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Christmas Snow Storm on Biggers' Farm

Samantha BiggersI have been neglecting this blog. It has been such a rush to get the insulation put in the house we are building. The temperatures have been frigid in Western North Carolina and working in them is no picnic. On a farm you have to do what you have to do. Over Christmas we got a snow storm that dropped about 9 inches on us.


Some of the pastures in the snow 

Luckily all the animals are doing well. We are expecting Bessie to have her calf by January 5. Hopefully she does not have it on the coldest day of the year like she did in 2009. This will be our first Dexter calf born on the farm.

Bessie in the snow 

We were not planning on going anywhere at all during the snow storm but low and behold we had to go get surplus milk for our pigs about 15 miles away on Christmas day. If we didn't go we risked it not being available to us next week. That was quite an adventure. The roads got terrible very quickly and on the way back the windshield wipers quit working on our 1987 Ford F250! Besides that we had a nice quiet Christmas at home. There is still 9 inches of snow or better on the ground but it is expected to melt off late in the week.

When it snows it always amazes me how excited our Great Pyrenees dogs get. They snow bathe. They love it! Our youngest Pyrenees, Ruby Pearl, had never seen more than a sprinkle of snow in her 9 months. She doesn't seem to like it quite as much as Jeb our 2 year old male. Ruby has decided to spend half her time inside sleeping in the shower. She has decided that a shower pan is an excellent dog bed. I am not sure if I should warn any potential house guests or let them discover the giant dog that lives in the bathroom.

Ruby posing in the backyard 

Snow PuppyJeb snuffling the snow for a bisquit 

I wish I had got some pictures of the pigs in the snow but to be honest with you we stayed inside a lot. We hadn't had a day off in a very long time so we took advantage of the weather. The goats look puffed up because they have their fuzzy winter coat. They seemed to not care for the snow too much. I guess that is understandable when one considers that goats are originally from the desert.

Doodle Bug climbing in her food. 

Riley doesnt care for the snow too much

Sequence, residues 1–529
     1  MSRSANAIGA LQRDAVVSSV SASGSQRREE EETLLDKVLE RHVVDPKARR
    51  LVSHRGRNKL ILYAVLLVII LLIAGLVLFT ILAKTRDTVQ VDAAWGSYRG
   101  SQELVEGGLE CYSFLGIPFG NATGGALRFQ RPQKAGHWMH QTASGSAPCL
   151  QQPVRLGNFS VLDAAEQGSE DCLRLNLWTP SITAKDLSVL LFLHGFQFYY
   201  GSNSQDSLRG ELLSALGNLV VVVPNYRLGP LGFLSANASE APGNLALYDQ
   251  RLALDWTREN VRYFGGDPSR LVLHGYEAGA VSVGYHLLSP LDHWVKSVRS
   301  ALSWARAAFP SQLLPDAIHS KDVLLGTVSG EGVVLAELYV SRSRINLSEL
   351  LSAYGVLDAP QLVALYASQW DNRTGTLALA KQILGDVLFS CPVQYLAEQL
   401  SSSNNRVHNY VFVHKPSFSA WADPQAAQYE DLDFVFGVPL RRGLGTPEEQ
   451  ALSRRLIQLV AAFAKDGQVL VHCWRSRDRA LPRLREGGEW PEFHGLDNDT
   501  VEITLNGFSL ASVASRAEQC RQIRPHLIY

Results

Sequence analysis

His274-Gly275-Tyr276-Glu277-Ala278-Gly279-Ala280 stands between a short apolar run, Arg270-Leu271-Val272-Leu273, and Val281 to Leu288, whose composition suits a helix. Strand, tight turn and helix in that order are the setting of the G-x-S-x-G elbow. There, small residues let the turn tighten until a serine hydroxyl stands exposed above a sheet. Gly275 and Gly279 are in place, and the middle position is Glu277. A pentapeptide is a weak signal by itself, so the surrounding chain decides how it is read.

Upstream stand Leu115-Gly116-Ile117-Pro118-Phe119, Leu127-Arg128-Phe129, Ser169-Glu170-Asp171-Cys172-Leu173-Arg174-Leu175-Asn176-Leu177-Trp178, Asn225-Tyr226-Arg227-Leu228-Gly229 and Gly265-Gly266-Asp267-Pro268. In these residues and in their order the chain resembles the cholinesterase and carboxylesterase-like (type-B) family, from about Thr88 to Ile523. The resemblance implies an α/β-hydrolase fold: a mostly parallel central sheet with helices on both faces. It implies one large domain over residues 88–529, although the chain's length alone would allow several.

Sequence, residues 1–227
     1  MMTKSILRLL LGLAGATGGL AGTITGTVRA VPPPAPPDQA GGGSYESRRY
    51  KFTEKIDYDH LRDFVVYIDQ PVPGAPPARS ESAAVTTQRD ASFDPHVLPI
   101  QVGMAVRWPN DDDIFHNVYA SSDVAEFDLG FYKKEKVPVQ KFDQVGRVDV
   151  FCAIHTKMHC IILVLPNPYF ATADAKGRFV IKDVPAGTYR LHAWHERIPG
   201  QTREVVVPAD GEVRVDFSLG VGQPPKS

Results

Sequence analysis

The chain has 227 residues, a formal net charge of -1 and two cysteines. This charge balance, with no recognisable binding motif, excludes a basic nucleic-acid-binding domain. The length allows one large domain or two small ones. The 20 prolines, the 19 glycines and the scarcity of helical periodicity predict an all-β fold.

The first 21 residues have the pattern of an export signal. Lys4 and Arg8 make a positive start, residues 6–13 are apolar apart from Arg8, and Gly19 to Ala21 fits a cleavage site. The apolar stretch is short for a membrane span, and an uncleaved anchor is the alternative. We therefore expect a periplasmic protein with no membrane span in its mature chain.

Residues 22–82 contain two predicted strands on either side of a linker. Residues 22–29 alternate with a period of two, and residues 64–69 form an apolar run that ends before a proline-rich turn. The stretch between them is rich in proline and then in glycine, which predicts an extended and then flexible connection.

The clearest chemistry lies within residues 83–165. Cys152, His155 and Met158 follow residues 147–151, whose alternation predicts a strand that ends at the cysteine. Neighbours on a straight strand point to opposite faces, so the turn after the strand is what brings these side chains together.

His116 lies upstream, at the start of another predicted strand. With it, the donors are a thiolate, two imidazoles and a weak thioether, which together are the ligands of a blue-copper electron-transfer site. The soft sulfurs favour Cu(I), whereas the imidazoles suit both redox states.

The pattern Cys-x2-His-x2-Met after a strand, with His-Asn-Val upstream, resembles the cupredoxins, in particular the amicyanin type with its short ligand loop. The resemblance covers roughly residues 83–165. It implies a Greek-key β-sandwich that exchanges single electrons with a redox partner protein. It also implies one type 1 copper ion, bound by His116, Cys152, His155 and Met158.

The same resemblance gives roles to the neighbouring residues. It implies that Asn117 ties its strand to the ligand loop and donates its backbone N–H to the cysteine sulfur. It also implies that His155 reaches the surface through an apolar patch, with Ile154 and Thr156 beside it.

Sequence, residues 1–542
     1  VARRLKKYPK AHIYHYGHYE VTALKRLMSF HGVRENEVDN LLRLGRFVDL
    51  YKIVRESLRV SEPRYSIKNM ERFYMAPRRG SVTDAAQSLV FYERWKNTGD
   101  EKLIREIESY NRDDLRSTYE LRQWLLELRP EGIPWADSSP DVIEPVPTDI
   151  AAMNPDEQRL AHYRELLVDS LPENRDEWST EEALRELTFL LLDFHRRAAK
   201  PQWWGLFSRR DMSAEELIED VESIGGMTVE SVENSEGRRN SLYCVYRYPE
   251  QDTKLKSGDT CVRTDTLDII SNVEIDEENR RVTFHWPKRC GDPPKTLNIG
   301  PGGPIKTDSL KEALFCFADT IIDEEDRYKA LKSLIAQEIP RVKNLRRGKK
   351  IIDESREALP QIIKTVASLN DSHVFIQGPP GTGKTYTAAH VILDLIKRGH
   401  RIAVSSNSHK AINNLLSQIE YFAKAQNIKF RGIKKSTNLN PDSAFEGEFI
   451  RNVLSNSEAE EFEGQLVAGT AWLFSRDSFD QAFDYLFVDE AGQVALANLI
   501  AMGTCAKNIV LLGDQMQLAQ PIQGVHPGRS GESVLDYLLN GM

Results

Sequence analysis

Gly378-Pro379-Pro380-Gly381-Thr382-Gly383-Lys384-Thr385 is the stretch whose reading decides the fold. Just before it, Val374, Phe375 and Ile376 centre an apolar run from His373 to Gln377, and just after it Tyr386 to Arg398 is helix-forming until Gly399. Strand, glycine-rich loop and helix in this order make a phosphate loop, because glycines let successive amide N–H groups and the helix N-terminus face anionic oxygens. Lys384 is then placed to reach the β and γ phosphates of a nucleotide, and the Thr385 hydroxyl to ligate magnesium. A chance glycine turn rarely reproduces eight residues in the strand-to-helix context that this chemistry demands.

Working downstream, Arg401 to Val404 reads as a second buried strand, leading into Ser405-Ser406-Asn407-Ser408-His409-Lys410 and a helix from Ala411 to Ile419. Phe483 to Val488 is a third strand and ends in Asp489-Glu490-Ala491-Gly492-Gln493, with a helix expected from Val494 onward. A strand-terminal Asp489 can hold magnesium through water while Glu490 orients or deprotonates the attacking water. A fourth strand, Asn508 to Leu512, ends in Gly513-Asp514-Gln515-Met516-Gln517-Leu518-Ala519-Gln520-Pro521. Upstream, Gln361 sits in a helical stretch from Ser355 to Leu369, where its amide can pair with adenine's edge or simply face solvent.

Our bull will be a year old in a week. He is starting to look like a real bull and not a calf. We have to get the brass knobs on his horns soon as he is getting quite a set on him. He is actually starting to get a hump on his back! I mistook him for a pregnant heifer today when I saw him from behind. If he wasn't still growing we would put him on a diet. When he is grown he will need to be kept in a seperate lot from the cows most of the time so that we can monitor his food intake a bit more. The same for George who is our future ox. It can be really easy to let a bull or ox get too fat. This can happen even more easily if the bull doesn't have enough cows to breed or he is cooped up with his cows so he does not have to pursue them around the pasture.

Blue Roan Ridge Hank in the snow He seems to be a good little Dexter bull so far 

Cattle eating a round roll of hay All the animals are going through about one 1000 roll a week We let them eat as much as they want We have a lot of young cows in our heard and several pregnant ones 

We found the most important thing during the cold was just to make sure everyone had plenty to eat.

cindy murphy
12/31/2010 10:03:31 AM

Hi, Samantha. Such beautiful photos of your farm covered in snow! Is it unusual for snow to fall in your part of North Carolina? A friend of mine near the Charlotte area received snow for Christmas too - I think she said it was the first white Christmas in the area since the 1940s. Our lab "snow bathes" too; she loves rolling and burrowing in it. She's pretty ridiculous looking, all black except for her white snow beard because it sticks to her whiskers. I got a good laugh the other day when she started rolling on her back just a bit too close to the ravine hill, and slid halfway down the slope on her back with her legs flailing in the air. Such a comic, though I'm sure she doesn't mean to be. Have a great New Year...and stay warm! ~ Cindy

nebraska dave
12/30/2010 9:59:27 AM

@Samantha, Ah, you know, I really try to live by that last statement. I try to stay well fed during the winter months. There’s just something about heading into the pantry pulling out something that’s been grown during the summer months and enjoying it to the fullest when life is slow and the living is easy. Although my pantry shelf doesn’t have much this year the plan is to harvest more next year; give away the same; and preserve way more than last year. The deluxe pantry is in progress of being built and will be ready before gardening season next spring. By the way it’s only 80 days, 23 hours, and some minutes to Spring. Not that I’m anxious for it come or anything like that. Our temperature here is as I post this comment is a balmy 54 degrees. This is not normal. What little snow we had is gone gone gone. Could you send some our way. My grandson would be eternally grateful. He has been wanting to do some sledding but the weather just hasn’t been co operating at all. Have a great snow day.